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Summertime visitors are in for a treat with the “Nostalgia Rides,” a seasonal offering that transports you through time on the very trains that carried New Yorkers a century prior. Each visit may present opportunities for serendipitous events and educational programs aligning with your interests.

Industry City

This sprawling urban complex encompasses 16 buildings, offering a blend of lush greenery and industrial charm. If you’re seeking a melting pot of creativity and commerce, this is your haven. Artists, entrepreneurs, and chefs coexist, creating a hive of activity in studios, offices, and culinary spaces. For those simply visiting, a treasure trove of local goods, crafted beverages, and distinctive dining experiences awaits.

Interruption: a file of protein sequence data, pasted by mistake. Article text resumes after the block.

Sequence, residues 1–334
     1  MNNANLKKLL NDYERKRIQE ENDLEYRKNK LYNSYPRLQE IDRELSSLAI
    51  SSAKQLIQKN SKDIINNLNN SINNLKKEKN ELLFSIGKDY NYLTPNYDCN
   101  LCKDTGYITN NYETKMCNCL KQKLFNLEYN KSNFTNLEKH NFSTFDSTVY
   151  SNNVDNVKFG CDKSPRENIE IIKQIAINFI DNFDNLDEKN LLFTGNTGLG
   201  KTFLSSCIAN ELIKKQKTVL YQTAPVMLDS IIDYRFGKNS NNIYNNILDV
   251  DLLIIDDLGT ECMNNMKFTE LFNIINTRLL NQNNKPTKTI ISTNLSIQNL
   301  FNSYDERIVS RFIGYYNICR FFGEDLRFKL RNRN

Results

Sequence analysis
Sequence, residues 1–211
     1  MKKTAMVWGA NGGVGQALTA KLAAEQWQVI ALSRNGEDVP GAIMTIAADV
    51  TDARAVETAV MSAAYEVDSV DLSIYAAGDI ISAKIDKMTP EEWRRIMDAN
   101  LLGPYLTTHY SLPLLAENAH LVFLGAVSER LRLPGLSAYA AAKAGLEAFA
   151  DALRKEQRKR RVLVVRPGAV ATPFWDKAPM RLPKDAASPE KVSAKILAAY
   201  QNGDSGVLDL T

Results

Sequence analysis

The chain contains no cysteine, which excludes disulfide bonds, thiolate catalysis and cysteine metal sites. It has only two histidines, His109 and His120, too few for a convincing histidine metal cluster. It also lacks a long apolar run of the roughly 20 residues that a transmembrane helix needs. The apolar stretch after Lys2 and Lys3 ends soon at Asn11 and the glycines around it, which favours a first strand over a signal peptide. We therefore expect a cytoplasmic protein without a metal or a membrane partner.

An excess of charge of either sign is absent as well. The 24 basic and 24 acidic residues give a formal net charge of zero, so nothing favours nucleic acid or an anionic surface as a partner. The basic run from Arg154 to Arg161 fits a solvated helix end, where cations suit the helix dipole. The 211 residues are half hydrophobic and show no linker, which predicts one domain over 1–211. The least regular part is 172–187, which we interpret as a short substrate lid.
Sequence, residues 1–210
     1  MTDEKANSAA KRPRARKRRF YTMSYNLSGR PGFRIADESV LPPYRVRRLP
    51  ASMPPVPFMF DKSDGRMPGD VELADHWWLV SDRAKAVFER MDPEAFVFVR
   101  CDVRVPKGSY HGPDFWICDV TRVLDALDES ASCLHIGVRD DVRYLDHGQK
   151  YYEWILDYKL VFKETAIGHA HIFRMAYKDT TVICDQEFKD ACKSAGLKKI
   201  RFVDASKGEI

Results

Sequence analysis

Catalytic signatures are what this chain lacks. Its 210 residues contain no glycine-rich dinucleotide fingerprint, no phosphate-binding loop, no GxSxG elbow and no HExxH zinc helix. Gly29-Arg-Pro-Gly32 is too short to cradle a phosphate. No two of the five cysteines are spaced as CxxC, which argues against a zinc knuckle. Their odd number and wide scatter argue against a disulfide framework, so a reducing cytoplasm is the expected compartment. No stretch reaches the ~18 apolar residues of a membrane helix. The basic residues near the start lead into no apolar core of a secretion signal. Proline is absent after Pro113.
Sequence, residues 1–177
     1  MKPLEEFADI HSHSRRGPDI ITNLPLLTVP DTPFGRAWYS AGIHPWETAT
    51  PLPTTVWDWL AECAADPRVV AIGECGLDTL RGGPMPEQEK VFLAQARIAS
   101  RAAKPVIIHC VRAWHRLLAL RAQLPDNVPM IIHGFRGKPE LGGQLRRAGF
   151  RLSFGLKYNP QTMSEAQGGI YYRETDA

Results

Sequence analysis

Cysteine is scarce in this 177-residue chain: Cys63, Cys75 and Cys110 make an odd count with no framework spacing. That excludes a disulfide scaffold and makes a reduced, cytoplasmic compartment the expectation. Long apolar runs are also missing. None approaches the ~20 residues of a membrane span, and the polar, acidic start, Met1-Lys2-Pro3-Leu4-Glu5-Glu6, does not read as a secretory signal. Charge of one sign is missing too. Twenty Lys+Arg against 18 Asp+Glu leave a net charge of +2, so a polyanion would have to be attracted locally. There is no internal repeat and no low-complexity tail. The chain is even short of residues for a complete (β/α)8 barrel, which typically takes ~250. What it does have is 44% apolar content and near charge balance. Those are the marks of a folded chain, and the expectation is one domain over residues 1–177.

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Among the culinary delights, you’ll encounter a diverse array of vendors. They serve up specialties ranging from wholesome avocado delights to rich Korean dishes and fresh Mediterranean fare. Drink connoisseurs will relish the dedicated courtyard spotlighting homegrown brewing under Brooklyn’s sky, proudly featuring New York’s inaugural sake brewery. Visitors often describe Industry City as a vibrant hub perfect for an enjoyable evening among friends or a memorable family outing.

Bushwick Collective